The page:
Tuesday, January 25, 2011

Please Read this Remarkable Article from The New York Times

Could any of us be this open-minded and open-hearted?

Believing in Peace, Even After the Unthinkable

Working as the lone Palestinian gynecologist at an Israeli hospital had its fraught moments for Izzeldin Abuelaish.

The husband of a Jewish patient angrily accused him of jeopardizing his wife’s pregnancy because he was an Arab. Palestinian neighbors scorned him for delivering babies who would grow into the “soldiers who bomb us and shoot us.”

Each time Dr. Abuelaish comforted himself with the conviction that he could overcome fear by building personal bridges between two distrustful cultures. But that belief was sorely tested two years ago during the three-week Gaza war, when Israeli tank shells slammed into his apartment, killing three of his daughters and costing another her sight in one eye.

Now Dr. Abuelaish has written a memoir that reaffirms his belief that the decades-long conflict will only be transformed when individual Palestinians and Israelis recognize their shared, precarious humanity. As he often does, he turns to medical metaphors.

“We are like conjoined twins with one heart and one brain,” Dr. Abuelaish said in a telephone interview from Canada, where he is now an associate professor in women’s health at the University of Toronto. “Any harm to one will affect the other.”

The memoir, published by Walker & Company and with a blurb by Elie Wiesel, is called “I Shall Not Hate: A Gaza Doctor’s Journey on the Road to Peace and Human Dignity.” A reviewer for The Globe & Mail in Toronto said the book was “one of the most affecting I have read on the subject of Israel and Palestine.”
The anguishing deaths of his daughters — Bessan, 20; Mayar, 15; and Aya, 14 — “immunized me against any more suffering,” said Dr. Abuelaish, an earnest man of 55. He came to recognize that suffering is caused not by God but by individuals, and “you as a human being with your potential and your ability can challenge the human beings who are making the suffering.”

Rather than questioning the legitimacy of a Palestinian nation, Dr. Abuelaish argues, Jews — “because they were burned by the fires of suffering” in the Holocaust — must focus on improving the wretched living conditions of many Palestinians.

And Palestinians must realize that firing rockets into Israel incites retribution. “The antidote for revenge is not revenge,” he said. “If I want to get revenge, it will not return my daughters. The innocence of those girls must not be spoiled by revenge. I can keep their memory living with good deeds.” He has set up a foundation called Daughters for Life to memorialize his children and to provide scholarships for young women in the Middle East.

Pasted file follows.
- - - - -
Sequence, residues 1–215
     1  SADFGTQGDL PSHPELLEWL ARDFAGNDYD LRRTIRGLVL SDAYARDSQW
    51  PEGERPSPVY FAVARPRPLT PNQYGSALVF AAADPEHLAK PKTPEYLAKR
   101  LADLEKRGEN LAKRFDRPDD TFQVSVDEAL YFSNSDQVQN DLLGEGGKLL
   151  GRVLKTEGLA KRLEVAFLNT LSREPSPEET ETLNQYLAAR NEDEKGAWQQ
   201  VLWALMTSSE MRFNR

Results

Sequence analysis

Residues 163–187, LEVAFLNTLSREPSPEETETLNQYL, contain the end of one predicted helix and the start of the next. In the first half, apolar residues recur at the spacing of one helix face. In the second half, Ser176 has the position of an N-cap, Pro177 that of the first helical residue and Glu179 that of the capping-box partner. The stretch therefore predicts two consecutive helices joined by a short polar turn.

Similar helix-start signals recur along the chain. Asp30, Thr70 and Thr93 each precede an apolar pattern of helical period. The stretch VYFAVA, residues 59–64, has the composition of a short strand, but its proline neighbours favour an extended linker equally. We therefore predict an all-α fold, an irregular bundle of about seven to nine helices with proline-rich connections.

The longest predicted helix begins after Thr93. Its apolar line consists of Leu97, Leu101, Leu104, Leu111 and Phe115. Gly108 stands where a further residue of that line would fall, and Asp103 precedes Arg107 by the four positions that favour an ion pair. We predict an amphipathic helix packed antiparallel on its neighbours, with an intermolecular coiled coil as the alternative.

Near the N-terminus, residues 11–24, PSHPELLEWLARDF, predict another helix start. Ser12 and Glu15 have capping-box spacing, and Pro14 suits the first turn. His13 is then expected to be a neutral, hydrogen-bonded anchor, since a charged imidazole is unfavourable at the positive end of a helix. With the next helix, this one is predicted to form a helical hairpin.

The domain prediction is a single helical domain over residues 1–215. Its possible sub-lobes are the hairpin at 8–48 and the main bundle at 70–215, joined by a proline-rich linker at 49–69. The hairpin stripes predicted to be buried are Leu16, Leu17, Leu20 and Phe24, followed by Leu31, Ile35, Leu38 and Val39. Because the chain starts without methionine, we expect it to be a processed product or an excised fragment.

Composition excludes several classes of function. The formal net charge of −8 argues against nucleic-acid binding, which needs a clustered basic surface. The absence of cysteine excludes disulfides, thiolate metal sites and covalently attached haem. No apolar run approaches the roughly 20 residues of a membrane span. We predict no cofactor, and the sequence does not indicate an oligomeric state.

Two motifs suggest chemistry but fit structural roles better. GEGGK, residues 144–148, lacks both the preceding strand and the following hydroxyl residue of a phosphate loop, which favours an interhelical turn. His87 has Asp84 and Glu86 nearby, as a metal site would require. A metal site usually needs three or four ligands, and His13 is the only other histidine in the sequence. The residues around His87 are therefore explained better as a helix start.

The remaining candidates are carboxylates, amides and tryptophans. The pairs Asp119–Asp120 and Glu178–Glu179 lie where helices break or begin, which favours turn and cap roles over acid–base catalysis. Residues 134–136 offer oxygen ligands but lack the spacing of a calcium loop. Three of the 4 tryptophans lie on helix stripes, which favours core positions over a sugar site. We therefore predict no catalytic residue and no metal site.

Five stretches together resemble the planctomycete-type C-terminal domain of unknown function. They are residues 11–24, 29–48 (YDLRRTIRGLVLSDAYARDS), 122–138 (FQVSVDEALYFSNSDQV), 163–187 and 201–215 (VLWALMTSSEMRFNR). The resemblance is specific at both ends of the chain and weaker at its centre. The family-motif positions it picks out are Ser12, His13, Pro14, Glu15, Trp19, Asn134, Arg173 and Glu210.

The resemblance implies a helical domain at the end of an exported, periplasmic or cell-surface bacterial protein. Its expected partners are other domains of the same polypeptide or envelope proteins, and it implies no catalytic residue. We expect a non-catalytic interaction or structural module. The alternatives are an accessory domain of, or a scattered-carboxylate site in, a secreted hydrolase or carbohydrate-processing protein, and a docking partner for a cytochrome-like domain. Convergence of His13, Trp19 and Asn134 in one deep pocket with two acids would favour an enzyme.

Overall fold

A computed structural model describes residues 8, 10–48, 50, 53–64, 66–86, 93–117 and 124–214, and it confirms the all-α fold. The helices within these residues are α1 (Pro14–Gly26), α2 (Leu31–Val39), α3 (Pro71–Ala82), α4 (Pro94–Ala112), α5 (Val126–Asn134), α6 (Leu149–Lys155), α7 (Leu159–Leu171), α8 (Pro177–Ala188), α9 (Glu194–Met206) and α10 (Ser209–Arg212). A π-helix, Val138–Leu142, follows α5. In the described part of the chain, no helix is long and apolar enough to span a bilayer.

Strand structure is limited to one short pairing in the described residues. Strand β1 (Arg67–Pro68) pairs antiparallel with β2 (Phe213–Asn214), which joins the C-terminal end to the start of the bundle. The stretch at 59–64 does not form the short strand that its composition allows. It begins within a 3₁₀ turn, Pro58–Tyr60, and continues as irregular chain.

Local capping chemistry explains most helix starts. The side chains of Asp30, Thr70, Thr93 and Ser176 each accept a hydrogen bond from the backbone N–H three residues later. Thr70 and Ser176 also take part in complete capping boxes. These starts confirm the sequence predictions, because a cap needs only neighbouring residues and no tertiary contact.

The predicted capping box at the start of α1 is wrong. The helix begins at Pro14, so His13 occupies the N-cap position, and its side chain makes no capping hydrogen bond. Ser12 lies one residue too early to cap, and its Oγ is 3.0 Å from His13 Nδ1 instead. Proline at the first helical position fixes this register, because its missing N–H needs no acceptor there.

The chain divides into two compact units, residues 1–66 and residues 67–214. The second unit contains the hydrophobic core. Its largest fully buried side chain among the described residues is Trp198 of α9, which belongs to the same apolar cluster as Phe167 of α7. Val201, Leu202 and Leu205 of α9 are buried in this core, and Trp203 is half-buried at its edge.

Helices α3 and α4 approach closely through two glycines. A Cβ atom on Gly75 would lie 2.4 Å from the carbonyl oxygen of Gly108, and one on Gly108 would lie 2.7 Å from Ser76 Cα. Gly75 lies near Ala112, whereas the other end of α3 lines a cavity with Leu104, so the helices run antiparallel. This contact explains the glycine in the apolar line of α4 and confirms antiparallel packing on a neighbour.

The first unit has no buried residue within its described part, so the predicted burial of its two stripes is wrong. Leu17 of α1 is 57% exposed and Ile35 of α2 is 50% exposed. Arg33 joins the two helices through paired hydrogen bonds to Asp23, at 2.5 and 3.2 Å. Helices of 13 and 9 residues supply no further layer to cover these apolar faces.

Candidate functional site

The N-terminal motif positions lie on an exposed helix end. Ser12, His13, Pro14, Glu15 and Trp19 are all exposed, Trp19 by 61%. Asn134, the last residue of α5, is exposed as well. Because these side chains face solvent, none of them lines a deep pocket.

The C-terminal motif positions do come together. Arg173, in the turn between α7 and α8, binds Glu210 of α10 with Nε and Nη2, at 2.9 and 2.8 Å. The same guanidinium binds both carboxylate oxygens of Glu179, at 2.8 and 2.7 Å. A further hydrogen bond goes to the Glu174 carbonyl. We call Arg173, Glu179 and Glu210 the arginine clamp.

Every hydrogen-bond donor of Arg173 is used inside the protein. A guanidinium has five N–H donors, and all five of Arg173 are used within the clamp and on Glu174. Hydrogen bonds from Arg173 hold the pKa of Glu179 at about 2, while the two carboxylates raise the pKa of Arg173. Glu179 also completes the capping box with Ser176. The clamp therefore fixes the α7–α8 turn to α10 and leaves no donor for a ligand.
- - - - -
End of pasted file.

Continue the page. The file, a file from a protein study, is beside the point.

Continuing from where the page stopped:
In an interview Mr. Wiesel, the Nobel Peace Prize winner, said that he could not explain why people like Dr. Abuelaish can overcome their impulse for vengeance and others cannot, but he imagines that Dr. Abuelaish has recognized that “hate hates both the victim and the hater.”

“One must not forget, but not use memory against other innocent people,” Mr. Wiesel said.

Dr. Abuelaish rejects those who dwell in the morass of historical arguments, who accuse Palestinians of inciting the conflict by rejecting the 1947 United Nations plan to partition British Palestine, or who blame Israelis for injustices as occupiers. You cannot correct history, he maintains.

“Being a medical doctor helped me a lot because you are focused on living people,” he said. “When patients are dead, it’s a waste of time.”

Still, the book bristles with that tormented history. Dr. Abuelaish grew up the son of refugees in the Gazan city of Jabalia, but his family originated in the Negev region. He possesses that property deed, though the land is now owned by Ariel Sharon, the former prime minister of Israel.

“To be pushed out,” Dr. Abuelaish writes, “is to be marked with the scar of expulsion for the rest of your life.”

He describes the squalor of the Gaza camps — fetid latrines, no running water or electricity — both under Egyptian and Israeli control. After the two intifadas, Israeli soldiers made crossing the border especially difficult, even for an infertility specialist at an Israeli hospital. Yet Israeli doctors saved the legs of his nephew Mohammed, who had been shot in the knee and ankle by Hamas gunmen in 2007.

The most excruciating crossing occurred in 2008 when his wife, Nadia, was lying in an Israeli hospital with leukemia, and he was in Europe. He had to fly to Amman rather than to Israel’s main airport; take a taxi to the Allenby Bridge, which connects Jordan to the West Bank; then endure hours of waiting at checkpoints. By the time he arrived, his wife was unconscious. She died a few days later.

Still, Dr. Abuelaish said he had worked hard not to equate a rude guard with all Israelis, just as he would not want Israelis to equate all Palestinians with suicide bombers. What helped was his friendships with Israelis: as a teenager working with a farming family and then with doctors, one of whom, Dr. Marek Glezerman, wrote the book’s introduction.

True, Dr. Abuelaish moved to Toronto in 2009. But that is because he no longer wanted the problems of crossing checkpoints to separate him from his five remaining children.

He has formed a relationship with the Israeli novelist David Grossman, who lost a son in the closing hours of the 2006 Lebanon War. When they meet, Dr. Abuelaish said, they discuss their children. And it is the future of children, he said, that should spur both sides toward peace. As he writes: “If I could know that my daughters were the last sacrifice on the road to peace between Palestinians and Israelis, then I would accept their loss.”

1 comment:

  1. I had never heard the concept of becoming immunized against more suffering by an extreme tragedy, such as the deaths of Dr. Abuelaish's daughters. A very heroic man.